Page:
In Romans 3, Paul revealed that “all… are justified by Grace… in Jesus.”
And then he addressed the question, “Why be religious if we can’t boast?”
In Romans 5, Paul revealed that all “sinners… will be made righteous.”
And then he addressed the question, “So, why not sin, that Grace may abound?”
In Romans 8, Paul revealed that nothing “can separate us from the Love of God”
And now he addresses the question, “What about out our own will—our ‘free-will;’ what about Israel?”
In Romans 9:1, Paul writes, “I have wished that I myself be accursed from Christ for the sake of my brothers… the Israelites.” Then in 9:6, he writes, “But it is not as though the Word (Logos) of God has failed…”
And yet it does seem that He has: God spoke his Word, “let us make Adam in our image,” but we—Adam—are not good, we’re not finished, and it seems as if the Word of God did not accomplish that for which he was sent—just look at him; he’s hanging on a cross in a garden.
Romans 9:6: “But it is not as though the Word of God has failed, for not all [‘those’ or ‘that’] of Israel [‘are’ or ‘is’] Israel.” The moment I hear that, I find myself accessing knowledge of Good and evil, in order to draw a line between those in and those outside—a line between Good and evil.
When I was five, I heard my friend’s mom say “butt” and I immediately thought, “She’s evil, probably going to ‘h@11,’ and ‘I can’t be Ray’s friend.”
I was a pastor’s kid, and in my house, “butt” was one of the unspeakable words.
The kids up the street said, “butt,” and the unspeakable potty word that starts with “sh.” And I thought “yep, they’re evil, probably going to ‘h@11,’ and I drew a line between me and them—the line between good and evil. It’s important for children to gain the knowledge of Good and evil.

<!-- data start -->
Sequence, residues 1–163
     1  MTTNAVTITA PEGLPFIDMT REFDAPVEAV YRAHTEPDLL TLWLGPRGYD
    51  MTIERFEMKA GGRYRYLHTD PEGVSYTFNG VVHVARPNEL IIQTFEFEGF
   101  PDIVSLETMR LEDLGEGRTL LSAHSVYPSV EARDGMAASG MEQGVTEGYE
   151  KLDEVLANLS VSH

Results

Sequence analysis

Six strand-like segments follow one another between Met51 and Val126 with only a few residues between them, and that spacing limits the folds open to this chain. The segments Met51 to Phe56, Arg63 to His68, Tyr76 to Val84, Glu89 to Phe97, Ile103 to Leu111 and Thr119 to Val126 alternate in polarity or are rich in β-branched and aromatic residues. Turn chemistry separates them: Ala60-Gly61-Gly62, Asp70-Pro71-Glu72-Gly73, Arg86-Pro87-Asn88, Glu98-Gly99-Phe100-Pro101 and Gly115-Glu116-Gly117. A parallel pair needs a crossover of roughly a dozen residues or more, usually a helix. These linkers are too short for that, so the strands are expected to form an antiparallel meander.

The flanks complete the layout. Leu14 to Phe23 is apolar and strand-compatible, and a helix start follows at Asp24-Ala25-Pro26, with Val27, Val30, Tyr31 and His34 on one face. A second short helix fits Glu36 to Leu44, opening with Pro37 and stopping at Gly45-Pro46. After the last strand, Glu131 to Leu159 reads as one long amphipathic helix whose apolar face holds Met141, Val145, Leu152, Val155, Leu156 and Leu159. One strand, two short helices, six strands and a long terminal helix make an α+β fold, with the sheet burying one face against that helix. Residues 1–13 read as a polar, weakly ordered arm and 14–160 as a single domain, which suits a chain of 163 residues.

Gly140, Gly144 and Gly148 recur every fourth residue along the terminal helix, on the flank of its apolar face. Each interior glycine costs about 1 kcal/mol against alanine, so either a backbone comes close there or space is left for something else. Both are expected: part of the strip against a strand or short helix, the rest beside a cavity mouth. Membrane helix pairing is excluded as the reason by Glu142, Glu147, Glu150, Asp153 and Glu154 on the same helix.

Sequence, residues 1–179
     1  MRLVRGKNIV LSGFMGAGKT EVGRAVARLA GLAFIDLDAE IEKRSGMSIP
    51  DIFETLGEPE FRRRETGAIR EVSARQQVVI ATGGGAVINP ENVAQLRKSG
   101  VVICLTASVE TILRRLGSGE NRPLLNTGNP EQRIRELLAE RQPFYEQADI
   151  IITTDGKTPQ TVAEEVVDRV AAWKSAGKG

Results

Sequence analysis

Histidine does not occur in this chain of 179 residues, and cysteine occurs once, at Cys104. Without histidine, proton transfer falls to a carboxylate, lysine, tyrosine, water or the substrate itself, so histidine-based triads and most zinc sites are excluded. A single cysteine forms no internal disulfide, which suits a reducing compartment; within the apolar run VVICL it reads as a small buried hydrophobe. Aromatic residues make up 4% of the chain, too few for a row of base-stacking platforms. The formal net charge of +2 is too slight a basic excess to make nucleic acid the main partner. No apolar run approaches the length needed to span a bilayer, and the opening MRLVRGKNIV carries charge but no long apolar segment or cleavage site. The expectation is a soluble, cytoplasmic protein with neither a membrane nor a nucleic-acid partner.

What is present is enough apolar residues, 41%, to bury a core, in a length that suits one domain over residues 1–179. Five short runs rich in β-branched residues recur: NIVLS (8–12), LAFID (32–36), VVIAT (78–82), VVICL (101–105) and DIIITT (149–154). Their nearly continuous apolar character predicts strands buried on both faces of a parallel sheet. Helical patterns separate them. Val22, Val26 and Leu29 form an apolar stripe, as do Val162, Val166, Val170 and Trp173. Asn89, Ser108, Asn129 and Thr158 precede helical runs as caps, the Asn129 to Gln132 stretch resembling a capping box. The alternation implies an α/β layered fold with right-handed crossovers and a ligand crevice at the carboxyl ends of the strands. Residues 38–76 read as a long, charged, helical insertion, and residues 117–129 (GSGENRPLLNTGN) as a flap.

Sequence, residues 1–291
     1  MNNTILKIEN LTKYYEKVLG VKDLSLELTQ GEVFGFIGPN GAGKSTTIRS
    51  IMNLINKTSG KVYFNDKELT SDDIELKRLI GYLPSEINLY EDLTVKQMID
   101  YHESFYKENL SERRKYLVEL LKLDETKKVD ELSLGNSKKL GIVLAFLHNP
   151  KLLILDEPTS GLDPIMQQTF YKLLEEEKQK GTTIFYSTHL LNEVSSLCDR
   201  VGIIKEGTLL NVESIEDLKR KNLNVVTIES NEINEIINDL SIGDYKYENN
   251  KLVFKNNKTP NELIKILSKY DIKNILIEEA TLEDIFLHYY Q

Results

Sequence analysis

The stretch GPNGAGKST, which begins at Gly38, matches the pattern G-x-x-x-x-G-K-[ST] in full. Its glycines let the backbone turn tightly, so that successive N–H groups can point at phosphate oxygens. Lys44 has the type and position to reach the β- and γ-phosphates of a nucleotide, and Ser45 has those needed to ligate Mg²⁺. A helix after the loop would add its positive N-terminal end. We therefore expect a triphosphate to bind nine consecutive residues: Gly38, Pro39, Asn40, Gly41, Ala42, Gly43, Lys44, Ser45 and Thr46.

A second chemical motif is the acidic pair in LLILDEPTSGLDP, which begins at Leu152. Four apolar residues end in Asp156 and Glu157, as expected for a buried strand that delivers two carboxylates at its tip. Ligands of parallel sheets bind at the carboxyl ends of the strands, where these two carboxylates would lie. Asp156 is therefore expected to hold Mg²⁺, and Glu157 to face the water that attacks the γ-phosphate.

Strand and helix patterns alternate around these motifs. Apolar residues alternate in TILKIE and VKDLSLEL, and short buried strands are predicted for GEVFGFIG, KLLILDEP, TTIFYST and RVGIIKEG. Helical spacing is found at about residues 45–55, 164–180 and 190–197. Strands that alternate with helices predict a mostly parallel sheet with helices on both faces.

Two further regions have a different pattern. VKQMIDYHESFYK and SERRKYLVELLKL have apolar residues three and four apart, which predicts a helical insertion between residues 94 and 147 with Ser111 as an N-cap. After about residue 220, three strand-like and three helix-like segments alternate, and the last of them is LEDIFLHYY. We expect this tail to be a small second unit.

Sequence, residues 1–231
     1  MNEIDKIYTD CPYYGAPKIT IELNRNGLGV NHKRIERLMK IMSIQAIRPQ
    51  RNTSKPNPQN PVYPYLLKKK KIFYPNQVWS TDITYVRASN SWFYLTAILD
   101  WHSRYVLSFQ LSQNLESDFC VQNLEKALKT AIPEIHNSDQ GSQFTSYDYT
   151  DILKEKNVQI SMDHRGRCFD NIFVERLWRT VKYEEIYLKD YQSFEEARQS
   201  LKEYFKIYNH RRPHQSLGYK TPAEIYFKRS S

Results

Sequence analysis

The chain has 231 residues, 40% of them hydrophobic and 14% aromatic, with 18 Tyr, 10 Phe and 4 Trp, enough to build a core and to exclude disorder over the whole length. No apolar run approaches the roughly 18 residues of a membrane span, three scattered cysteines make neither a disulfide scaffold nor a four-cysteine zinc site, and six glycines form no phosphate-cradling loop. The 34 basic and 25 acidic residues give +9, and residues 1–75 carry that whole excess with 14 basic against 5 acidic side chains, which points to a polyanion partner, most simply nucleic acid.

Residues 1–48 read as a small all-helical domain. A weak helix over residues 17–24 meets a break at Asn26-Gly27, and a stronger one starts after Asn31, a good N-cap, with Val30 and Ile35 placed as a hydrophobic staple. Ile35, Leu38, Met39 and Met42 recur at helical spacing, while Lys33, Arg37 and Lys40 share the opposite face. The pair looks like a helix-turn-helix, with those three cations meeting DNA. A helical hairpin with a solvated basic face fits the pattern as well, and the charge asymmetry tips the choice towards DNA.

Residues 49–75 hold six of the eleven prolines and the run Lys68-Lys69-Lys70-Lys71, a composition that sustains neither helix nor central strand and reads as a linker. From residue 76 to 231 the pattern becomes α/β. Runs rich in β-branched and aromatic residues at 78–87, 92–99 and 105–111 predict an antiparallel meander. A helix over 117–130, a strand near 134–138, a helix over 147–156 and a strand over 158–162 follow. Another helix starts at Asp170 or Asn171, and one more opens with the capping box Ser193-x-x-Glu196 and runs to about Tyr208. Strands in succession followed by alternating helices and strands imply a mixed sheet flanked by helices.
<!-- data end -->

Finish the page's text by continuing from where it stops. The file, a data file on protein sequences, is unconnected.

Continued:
But every summer we’d go to my Grandpa’s farm, and he’d say, “’butt,’ ‘sh!+,’ and ‘God (condemn it) to h@11’” at least one time in each and every sentence. I wanted to draw that line between Good and evil between me and my Grandpa, but I had a problem: Grandpa loved me. In fact, he’d grab me, wrestle me onto his lap and just hug the “h@11” out of me.
Where do you draw the line between Good and evil?
Where did Jesus draw the line between Good and evil? In one breath he reveals that Peter is an oracle of God, and with the next, he says, “Get behind me Satan.”
In The Gulag Archipelago, Aleksander Solzhenitsyn writes, “Gradually it was disclosed to me that the line separating good and evil passes not through states, between classes, nor between political parties either—but right through every human heart—and through all human hearts.”
Yet, Paul writes, “Not all of Israel is Israel.” He didn’t write “Not all Israelites are Israelites.”
It helps me to remember that Paul is thinking of a particular man named “Israel.”
In which case, saying “Not all of Israel is Israel,” is just like saying, “Not all of Peter is Peter.”
There is a True Peter and a False Peter; a New Peter and an Old Peter, just as there is a New Adam and an Old Adam, just as Paul has been teaching us.
There is Peter born of water and Peter born of the Spirit; there is the Peter that God has made and the Peter that Peter thinks he is making with his will and his exertion—his ego.
What if every bad decision in me is my will and exertion and every good decision in me is the will and exertion of God in me… even if it’s only the size of a seed?